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What is the proper way to handle errors from function calls?

atv
Whatis the proper way to handle errors from function calls?

For example, i normally have a main function, with calls to mine
or c functions. Should i check for errors in the functions called
themselves, or should i return a code to main and handle the error
there?

If i don't return them to main, except for the structure, what
use is the main function except for calling functions?

I hope you understand what i mean. It seems a bit silly to call a function
created by me, from main, then if a error occurs in that function, to
return the value to main and print a message there.

should i handle errors and print error messages in the called functions or
leave it up to the main() function?

What's the best way?
Nov 13 '05 #1
4 2428
atv wrote:
Whatis the proper way to handle errors from function calls?

For example, i normally have a main function, with calls to mine
or c functions. Should i check for errors in the functions called
themselves, or should i return a code to main and handle the error
there?
Opinions vary. My own opinion is that, if a function can intelligently
handle an error itself, then it should do so. If not, it should tell its
caller what went wrong, and let the caller decide what to do with it.
Applied recursively, this means that an error that nobody knows how to
handle will soon percolate through to main().

If i don't return them to main, except for the structure, what
use is the main function except for calling functions?
Heh - well, you got to start somewhere, and main() is where you got to
start. Typically, main() contains the extremely-high-level program logic.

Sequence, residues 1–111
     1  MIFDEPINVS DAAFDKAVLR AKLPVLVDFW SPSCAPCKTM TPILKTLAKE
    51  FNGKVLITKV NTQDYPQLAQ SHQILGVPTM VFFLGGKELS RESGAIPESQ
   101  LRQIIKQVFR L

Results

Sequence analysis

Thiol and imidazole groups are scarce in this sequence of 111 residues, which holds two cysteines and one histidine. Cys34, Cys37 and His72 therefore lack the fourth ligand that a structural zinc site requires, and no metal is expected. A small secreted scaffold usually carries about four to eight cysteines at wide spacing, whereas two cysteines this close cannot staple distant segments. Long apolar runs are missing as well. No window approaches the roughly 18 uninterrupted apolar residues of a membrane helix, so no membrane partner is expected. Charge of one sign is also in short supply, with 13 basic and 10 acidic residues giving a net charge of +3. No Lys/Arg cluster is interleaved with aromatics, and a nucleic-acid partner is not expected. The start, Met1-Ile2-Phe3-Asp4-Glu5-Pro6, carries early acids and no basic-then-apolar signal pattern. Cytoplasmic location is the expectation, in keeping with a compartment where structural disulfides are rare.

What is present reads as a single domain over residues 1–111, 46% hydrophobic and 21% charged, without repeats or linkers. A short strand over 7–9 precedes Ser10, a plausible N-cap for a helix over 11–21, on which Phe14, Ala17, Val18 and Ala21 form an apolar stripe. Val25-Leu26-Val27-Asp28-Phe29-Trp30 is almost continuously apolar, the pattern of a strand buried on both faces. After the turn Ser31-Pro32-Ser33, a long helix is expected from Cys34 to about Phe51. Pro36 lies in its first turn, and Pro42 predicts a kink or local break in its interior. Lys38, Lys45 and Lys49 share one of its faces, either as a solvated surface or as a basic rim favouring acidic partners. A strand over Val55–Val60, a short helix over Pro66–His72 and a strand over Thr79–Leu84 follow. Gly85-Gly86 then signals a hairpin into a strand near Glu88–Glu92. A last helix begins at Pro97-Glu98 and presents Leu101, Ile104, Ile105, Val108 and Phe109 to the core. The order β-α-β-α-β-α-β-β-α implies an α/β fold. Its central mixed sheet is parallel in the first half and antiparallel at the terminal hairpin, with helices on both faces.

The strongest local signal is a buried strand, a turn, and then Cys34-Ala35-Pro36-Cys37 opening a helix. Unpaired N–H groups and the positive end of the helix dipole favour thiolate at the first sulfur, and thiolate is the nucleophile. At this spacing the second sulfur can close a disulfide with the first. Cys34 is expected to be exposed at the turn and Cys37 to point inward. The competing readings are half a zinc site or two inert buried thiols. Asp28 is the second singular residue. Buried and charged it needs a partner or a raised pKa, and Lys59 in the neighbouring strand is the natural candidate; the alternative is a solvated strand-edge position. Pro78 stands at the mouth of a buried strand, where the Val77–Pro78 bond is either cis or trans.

This might be as simple as:

#include <stdlib.h>
#include "myinterface.h"

int main(void)
{
return RunMyProgram() ? EXIT_FAILURE : EXIT_SUCCESS;
}

or it may contain a high-level loop.
I hope you understand what i mean. It seems a bit silly to call a function
created by me, from main, then if a error occurs in that function, to
return the value to main and print a message there.
It depends on the situation, really. When your programs get really big,
you'll value having the control centralised, rather than distributed all
over your code.
should i handle errors and print error messages in the called functions or
leave it up to the main() function?
In little learning-style programs, it doesn't really matter all that much.
As the code grows, so do the problems of a decentralised error management
policy.
What's the best way?


The way that works for you. Try it both ways. See which you think is best
for you, and be prepared to change if you land a job where they see things
differently.
--
Richard Heathfield : bi****@eton.powernet.co.uk
"Usenet is a strange place." - Dennis M Ritchie, 29 July 1999.
C FAQ: http://www.eskimo.com/~scs/C-faq/top.html
K&R answers, C books, etc: http://users.powernet.co.uk/eton
Nov 13 '05 #2
On Sat, 29 Nov 2003 11:13:45 UTC, atv <at********@xs4all.nl> wrote:
Whatis the proper way to handle errors from function calls?

For example, i normally have a main function, with calls to mine
or c functions. Should i check for errors in the functions called
themselves, or should i return a code to main and handle the error
there?
The answer is simple: Yes.

If i don't return them to main, except for the structure, what
use is the main function except for calling functions?

I hope you understand what i mean. It seems a bit silly to call a function
created by me, from main, then if a error occurs in that function, to
return the value to main and print a message there.

should i handle errors and print error messages in the called functions or
leave it up to the main() function?

What's the best way?


Make a clean design of you program. Start on an abstract level. Break
the design down until anything is defined well.

There is nothing that can tell you how to handle an error!

Anyway return either success or an error code to tell the caller that
the fuction was finished well or that it fails. In case it failed it
would be often (but not always) a good idea to come with a more
specific error code to tell the caller more about the error. A fuction
may handle an error completely - but only if there is in noways the
possibility to recover from that error.